The power cord goes through a drilled PVC cap that clamps down on it when the hose clamp is tight.

Can you give some details about the 1.5 inch rubber plumbing connection, like can you get it at Home Depot etc. Did you just clamp it to the hex part of the element and is it watertight if you did?
This looks like a great and simple way to connect.

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Old 03-01-2013, 08:22 PM   #176
Aug 2012
Posts: 53
Liked 2 Times on 2 Posts

Originally Posted by runs4beer View Post
Still good here, not sure but I guess I've brewed 8-10 batches now and am still happy with them, they make breakdown really easy.

I just rebuilt my BK's element housing so I should post some images of it. The j-box was a little difficult to remove and clean every time so I made a supper simple PVC housing with a switchcraft plug on the end.

You might want to give thisa read too.

I like you TCQ quote
I would love to see pics of how you did your new element connection. How did you handle the ground wire without the metal box ? Thanks.

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Old 03-02-2013, 02:12 AM   #177
Feb 2010
Posts: 389
Liked 15 Times on 11 Posts

Sorry, I had a flood in my basement and put everything from my kids play room in my brew room so I haven't been able to get pic of it.
But I'll try to explain; I drill a small hole in the metal part on the element on the backside of the part that the o-ring go on. I put the end of the ground wire in the hole I drilled and flooded it with soldier. Do you follow?
I test the continuity and it solid. I hope to get 400 square feet of tile down over yhe weekend and if i do I can pull all the toy out of my brewery and try to get some shots of it.
Never listen to electric guitar.
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Old 03-02-2013, 04:13 AM   #178
Jul 2012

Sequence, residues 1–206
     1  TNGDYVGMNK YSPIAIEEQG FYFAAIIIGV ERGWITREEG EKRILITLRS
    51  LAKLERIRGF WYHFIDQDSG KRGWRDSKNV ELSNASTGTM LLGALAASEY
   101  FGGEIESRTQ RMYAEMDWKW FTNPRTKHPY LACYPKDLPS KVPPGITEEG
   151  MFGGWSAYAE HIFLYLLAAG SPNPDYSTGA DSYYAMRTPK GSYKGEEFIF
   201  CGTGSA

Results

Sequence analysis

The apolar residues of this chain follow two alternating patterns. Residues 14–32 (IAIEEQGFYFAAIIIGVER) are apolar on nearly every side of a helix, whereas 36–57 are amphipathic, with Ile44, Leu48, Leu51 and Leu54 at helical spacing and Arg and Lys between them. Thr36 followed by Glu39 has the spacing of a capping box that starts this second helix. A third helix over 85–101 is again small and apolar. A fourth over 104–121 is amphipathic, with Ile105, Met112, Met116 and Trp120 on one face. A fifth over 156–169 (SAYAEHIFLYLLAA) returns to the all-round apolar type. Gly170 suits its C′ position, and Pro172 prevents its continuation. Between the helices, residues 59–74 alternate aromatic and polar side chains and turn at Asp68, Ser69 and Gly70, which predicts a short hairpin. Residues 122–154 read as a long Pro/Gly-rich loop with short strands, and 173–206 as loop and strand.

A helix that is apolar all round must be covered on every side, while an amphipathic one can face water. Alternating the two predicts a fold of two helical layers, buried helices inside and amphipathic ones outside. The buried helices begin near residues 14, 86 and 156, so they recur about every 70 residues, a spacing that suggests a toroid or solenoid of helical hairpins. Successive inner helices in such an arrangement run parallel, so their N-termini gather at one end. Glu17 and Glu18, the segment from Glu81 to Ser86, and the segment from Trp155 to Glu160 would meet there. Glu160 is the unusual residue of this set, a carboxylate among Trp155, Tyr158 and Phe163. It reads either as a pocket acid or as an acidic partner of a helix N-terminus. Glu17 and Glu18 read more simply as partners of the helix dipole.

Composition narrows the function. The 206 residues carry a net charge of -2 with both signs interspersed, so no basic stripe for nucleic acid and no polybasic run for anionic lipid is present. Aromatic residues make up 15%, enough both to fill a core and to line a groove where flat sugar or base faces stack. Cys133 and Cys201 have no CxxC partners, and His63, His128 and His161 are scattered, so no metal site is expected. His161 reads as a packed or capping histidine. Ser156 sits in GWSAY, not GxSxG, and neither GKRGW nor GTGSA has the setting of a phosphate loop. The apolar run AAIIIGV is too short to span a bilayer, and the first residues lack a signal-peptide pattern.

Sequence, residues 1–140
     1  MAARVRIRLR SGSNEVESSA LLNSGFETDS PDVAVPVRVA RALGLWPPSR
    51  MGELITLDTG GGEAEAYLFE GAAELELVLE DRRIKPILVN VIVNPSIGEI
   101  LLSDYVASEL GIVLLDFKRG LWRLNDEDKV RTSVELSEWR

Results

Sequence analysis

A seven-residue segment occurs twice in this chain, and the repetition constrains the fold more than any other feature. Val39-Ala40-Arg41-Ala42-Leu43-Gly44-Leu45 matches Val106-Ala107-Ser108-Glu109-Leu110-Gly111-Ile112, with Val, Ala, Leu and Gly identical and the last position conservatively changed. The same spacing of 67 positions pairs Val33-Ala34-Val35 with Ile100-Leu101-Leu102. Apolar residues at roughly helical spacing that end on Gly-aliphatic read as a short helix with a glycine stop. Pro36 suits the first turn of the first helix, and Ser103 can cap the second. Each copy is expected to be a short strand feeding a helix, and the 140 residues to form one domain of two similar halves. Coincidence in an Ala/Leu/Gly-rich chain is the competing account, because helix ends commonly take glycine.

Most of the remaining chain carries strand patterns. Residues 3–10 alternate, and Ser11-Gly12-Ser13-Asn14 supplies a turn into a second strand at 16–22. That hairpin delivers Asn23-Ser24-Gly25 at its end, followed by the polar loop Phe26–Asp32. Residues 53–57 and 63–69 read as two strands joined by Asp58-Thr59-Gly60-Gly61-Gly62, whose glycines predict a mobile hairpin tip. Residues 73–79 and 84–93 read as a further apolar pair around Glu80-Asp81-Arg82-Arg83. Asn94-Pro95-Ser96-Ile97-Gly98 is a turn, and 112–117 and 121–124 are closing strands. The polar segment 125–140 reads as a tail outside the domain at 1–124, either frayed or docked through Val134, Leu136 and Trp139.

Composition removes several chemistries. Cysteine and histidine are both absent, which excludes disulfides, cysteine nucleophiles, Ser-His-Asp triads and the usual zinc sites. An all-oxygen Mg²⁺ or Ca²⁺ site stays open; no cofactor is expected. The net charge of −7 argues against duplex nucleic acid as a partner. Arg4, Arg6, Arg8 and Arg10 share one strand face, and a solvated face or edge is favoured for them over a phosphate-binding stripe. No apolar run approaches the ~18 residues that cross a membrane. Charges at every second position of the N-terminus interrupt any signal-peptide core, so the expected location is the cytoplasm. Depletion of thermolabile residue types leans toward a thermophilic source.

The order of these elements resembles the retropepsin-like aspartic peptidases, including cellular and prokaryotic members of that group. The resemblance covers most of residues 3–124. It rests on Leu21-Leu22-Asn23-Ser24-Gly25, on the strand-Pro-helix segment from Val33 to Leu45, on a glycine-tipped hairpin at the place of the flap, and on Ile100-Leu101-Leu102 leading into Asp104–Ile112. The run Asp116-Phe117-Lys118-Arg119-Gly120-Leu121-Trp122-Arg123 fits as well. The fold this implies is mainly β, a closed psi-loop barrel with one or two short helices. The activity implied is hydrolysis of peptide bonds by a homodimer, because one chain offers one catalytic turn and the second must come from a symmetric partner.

Seattle, Washington
Posts: 2,104
Liked 183 Times on 158 Posts

Here's mine...
I built two... one for the MLT, and one for the HLT.
2x2 SS box tubing and some .110 thick SS plate.
Got the aluminum strain relief for the cord from Grainger.
I measured the compressed thickness of the gasket, and just happen to have some SS plate the exact right thickness.
I bored the plate so that the gasket is held in the bore, and so when the element is screwed in tight, the gasket is compressed making everything leak proof, and the plate just barely moves.
Torqued the element just a little more until the plate didn't move anymore.
The ground is screwed to the housing, and although it's tight, the wires don't touch anything when assembled.
I think I'll add gaskets with drip slots at the outer plate to weep any moisture out.

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Old 03-02-2013, 12:48 PM   #179
Aug 2009
Atwater, OH
Posts: 4,317
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Wow, very nice acidrain!
Originally Posted by Revvy View Post
And I'd like to see my 1.080 beers ready from grain to glass in a week, and served to me by red-headed twin penthouse pets wearing garter belts and fishnet stockings, with Irish accents, calling me "master luv gun," but we can't always get what we want can we? :)

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Old 03-02-2013, 09:00 PM   #180
Mar 2012
Chattanooga, TN, USA
Posts: 158
Liked 6 Times on 6 Posts

That is what I would do if I could.